A photo of a handgun frozen in a block of ice.

Photo credit: Shutterstock

If you have a retro 1935 ice gun, it could very well be worth thousands of dollars. They’re now valued as antiques and have even been featured in books such as 100 Designs for a Modern World by George Kravis. One of them sold for $19,000 on liveauctioneers.com. The Los Angeles County Museum of Art even has one on display.

They’re highly valued because there are only a handful of them in existence. Opco Company USA engineered the gun in 1935 to shred ice cubes. Armed with a spring-action plunger and trigger mechanism, the gun is capable of compressing an ice cube and turning it into a spray that shoots out at the bottom. Pretty cool, eh?

Why anyone would need this type of device remains a mystery. But the important thing to remember is that they’re rare, they’re highly valued, and they’re pretty badass.

But aside from being a nifty sci-fi weapon, the gun actually provides some pretty cool insight into the history of technology. If we look at a timeline of products that were developed in the 1920s and 1930s, we notice that the first handheld portable hair dryer was developed in 1920.

It was large, heavy, and only had about 100 watts of energy. It was terribly inefficient. But after years and years of redesign, the modern hair dryer is compact, lightweight, and packs about 1500 watts of power!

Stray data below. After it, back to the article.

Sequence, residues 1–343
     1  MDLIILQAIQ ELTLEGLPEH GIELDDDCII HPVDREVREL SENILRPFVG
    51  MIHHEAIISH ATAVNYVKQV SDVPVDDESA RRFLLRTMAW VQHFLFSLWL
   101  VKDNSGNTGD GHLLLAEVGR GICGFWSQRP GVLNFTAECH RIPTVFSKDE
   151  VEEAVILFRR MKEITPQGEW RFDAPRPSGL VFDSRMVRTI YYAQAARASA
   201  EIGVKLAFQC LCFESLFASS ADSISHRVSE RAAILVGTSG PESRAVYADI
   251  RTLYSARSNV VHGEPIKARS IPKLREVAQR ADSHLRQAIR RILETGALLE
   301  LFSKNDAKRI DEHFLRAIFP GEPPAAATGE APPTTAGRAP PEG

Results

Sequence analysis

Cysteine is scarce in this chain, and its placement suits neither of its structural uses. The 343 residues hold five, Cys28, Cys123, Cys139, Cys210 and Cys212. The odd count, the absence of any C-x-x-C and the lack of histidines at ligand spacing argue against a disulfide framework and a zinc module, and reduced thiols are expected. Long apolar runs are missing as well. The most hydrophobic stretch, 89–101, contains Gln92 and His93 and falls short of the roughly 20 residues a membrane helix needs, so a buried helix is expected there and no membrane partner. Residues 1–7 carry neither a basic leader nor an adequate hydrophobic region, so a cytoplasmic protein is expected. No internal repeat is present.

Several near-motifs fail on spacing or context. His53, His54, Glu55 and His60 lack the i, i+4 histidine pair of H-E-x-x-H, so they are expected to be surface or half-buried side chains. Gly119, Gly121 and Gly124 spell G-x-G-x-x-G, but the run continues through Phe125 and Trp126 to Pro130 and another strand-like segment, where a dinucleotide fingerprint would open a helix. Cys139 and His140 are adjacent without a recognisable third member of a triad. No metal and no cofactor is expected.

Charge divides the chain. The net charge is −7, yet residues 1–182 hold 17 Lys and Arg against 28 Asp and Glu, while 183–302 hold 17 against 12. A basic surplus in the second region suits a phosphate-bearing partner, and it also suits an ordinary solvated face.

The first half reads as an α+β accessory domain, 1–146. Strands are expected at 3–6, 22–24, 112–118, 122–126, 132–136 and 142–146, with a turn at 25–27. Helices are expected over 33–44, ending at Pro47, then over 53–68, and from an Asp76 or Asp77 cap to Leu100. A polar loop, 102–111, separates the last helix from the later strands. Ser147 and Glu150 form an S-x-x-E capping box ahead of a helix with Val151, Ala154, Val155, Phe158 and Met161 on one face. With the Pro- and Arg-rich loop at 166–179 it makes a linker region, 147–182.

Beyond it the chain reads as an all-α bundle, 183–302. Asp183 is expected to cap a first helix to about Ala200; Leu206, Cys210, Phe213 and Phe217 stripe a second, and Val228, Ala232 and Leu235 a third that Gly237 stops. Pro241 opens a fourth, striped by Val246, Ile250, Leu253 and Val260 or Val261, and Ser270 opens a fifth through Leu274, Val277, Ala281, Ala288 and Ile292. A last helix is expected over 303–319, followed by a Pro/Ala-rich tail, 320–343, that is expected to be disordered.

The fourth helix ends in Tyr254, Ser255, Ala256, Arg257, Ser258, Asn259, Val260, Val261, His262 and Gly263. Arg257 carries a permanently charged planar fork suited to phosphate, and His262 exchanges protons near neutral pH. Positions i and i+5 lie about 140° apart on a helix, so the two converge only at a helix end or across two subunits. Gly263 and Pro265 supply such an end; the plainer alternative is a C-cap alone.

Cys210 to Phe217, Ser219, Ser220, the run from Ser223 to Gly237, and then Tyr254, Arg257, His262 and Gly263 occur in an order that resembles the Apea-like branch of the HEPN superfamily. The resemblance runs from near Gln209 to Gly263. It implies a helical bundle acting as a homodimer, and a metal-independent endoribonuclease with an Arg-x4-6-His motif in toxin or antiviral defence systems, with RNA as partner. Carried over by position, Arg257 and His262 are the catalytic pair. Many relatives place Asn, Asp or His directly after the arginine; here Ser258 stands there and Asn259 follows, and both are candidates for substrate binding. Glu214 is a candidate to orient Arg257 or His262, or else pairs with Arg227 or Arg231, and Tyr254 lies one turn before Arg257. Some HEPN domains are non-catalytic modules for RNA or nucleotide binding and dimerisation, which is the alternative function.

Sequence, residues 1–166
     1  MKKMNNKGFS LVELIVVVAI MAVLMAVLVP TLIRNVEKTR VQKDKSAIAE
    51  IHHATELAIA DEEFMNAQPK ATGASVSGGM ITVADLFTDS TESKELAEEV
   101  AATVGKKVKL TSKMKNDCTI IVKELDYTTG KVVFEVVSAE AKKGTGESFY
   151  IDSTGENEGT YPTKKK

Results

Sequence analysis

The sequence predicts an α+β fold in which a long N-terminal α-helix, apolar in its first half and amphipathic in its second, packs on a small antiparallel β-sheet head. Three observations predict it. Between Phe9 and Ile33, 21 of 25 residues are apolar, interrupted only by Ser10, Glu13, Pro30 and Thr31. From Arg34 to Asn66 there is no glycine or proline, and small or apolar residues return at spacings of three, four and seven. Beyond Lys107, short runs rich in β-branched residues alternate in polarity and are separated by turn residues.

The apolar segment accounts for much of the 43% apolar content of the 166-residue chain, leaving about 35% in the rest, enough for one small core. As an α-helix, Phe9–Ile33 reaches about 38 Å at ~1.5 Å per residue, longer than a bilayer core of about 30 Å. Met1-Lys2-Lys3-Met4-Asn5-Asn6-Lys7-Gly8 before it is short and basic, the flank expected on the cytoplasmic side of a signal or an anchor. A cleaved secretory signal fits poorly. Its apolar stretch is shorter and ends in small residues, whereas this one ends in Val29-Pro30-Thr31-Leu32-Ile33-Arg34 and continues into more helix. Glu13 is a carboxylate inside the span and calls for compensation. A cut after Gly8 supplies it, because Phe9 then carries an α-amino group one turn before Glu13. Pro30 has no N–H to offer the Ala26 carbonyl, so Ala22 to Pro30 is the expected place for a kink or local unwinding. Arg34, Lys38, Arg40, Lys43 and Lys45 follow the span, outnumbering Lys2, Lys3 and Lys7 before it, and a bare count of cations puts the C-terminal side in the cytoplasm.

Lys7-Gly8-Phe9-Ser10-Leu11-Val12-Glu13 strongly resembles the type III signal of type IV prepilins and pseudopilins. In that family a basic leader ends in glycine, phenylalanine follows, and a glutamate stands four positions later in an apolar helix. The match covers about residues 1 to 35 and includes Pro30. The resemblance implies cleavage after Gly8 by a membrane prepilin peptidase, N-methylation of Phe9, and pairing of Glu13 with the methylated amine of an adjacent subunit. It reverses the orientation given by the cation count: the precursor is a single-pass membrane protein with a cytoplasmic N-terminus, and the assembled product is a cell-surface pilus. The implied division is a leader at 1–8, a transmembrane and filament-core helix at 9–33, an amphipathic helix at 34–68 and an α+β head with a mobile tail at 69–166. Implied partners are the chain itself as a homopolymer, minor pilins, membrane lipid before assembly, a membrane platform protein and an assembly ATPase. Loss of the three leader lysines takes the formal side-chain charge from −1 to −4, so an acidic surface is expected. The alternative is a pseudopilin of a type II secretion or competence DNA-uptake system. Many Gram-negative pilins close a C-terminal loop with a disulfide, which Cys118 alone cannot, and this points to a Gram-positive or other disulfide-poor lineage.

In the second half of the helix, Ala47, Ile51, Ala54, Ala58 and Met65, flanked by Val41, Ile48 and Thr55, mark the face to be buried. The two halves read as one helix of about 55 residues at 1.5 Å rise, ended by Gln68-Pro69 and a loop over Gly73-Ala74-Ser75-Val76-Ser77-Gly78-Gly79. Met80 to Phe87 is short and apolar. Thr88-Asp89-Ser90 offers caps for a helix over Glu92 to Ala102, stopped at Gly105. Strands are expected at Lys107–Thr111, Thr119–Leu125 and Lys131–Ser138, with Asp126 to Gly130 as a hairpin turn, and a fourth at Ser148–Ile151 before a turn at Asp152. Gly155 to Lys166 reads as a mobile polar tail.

Similarly, the first television was developed in 1927. The original models were terrible. Images were fuzzy and full of static, pictures were only displayed in black-and-white, and the TVs themselves were bulky. Now, in 2016, we have high-resolution screens with Wi-Fi capabilities.

When it comes to ice, the technology has evolved, too. In the early 1900s, ice was produced in huge blocks that had to be manually cut into smaller pieces. It wasn’t until 1938 when Vogt Ice revolutionized the ice-making industry with the world’s first automatic-sized ice machine.

While we don’t exactly have a modern-day ice gun, we do have freezers that are capable of producing either crushed or cubed ice at the press of a button. And we take that for granted.

So although the ice gun sounds like a silly invention, we have to remember at that at the time, it was a highly sophisticated technological advancement. And similar technological advancements continue today.

About 

Martin Ackerman is a freelance writer and current editor originally from Staten Island, NY. His university schooling focused on English education and Japanese. He has a (not so secret) passion for art history and political science. When he isn't writing or editing you can find him at sci-tech conventions, building the latest LEGO city or pampering his cat, Tea. You can follow him on Twitter @MarMackerman.